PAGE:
Wednesday, 2 January 2013

Yarn Weight Conversion Chart

UK USA Suggested Typical uses
2ply Baby 2.25 to 3.5mm Baby clothes
3ply Fingering 3 to 4mm Baby clothes, 
Sock shawls, socks
4ply Sport 3.5 to 4.5mm Baby clothes, 
shawls, socks, 
lightweight sweaters
Double Knitting Double Knitting 4 to 5mm Children's clothes,
Light Worsted toys, adult sweaters
Aran Fisherman,  5.5 to 6.5mm Adult Sweaters

Chunky Bulky 6.5 to 9mm Adult Sweaters, 
Extra Chunky Super Bulky9mm-12mmBags, Rugs

Yarn comes in a wide variety of thicknesses, and it can be quite daunting when you first start crocheting to know which yarn to use. Most patterns will specify a yarn, and give an approximate gauge / tension size, usually how many stitches and rows over a 4 x 4 inch square. (Tension is the traditional term used in knitting in the UK, but the US term is gauge).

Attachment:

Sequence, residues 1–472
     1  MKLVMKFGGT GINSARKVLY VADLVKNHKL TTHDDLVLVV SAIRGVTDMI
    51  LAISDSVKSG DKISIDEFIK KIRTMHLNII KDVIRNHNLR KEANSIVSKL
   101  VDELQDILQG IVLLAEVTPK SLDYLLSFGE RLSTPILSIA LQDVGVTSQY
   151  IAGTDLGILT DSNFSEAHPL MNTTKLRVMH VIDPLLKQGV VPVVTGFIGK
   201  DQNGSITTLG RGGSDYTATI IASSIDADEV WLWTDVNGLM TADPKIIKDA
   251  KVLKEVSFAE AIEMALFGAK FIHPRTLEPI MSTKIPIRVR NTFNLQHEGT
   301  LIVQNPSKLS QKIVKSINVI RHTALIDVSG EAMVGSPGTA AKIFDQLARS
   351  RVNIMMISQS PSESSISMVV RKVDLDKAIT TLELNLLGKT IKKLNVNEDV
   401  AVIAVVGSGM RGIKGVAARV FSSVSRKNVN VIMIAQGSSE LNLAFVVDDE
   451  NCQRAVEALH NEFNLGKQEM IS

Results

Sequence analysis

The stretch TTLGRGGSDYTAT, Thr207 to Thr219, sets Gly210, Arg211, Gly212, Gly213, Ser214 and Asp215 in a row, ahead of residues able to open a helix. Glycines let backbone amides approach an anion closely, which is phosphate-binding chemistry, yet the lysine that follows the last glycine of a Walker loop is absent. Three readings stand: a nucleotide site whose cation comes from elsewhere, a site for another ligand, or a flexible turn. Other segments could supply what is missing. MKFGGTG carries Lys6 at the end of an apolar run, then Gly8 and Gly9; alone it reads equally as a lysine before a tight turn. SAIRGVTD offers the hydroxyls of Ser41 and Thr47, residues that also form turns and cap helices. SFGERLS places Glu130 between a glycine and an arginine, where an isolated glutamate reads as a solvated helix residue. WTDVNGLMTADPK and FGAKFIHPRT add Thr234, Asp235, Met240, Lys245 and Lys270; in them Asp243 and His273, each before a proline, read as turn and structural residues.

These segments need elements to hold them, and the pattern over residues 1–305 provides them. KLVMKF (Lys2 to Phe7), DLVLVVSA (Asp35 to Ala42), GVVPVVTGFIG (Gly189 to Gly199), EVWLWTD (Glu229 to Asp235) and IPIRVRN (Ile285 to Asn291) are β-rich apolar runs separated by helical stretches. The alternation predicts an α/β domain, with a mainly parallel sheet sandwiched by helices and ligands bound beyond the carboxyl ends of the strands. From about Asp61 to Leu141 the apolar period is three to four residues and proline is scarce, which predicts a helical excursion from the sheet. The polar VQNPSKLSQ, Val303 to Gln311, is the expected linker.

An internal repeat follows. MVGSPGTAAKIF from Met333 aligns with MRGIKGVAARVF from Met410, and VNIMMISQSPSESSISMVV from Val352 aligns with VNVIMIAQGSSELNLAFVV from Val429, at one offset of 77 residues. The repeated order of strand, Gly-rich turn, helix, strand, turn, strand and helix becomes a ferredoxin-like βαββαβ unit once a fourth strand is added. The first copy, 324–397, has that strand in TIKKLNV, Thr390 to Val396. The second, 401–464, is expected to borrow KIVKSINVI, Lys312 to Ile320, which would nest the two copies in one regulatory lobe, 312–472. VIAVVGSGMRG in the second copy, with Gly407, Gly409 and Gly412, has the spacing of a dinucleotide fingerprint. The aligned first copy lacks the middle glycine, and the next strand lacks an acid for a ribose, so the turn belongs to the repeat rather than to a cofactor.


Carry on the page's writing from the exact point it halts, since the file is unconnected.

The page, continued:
It's important to check your gauge / tension before starting a project, to make sure you have the correct yarn and hook size, especially when making something that needs to fit, like clothing. Once you've been crocheting for a while, you'll be able to play around with different weight yarns and not just stick to the yarn weight specified in a pattern.

The names for different weight yarns vary between the UK and USA. Bear in mind that even yarns in the same weight can vary a great deal, eg Paton's Diploma Gold DK is much thinner than say, a budget acrylic DK like Paton's Fab. 

I've included the recommended hook sizes for each yarn, although again, this varies depending on what you are making. For a bag you would use a smaller hook to create a dense, tight stitch, but for something drapey like a shawl or scarf you would use a larger hook. A crochet pattern will always tell you which hook size to use.

Happy crocheting!

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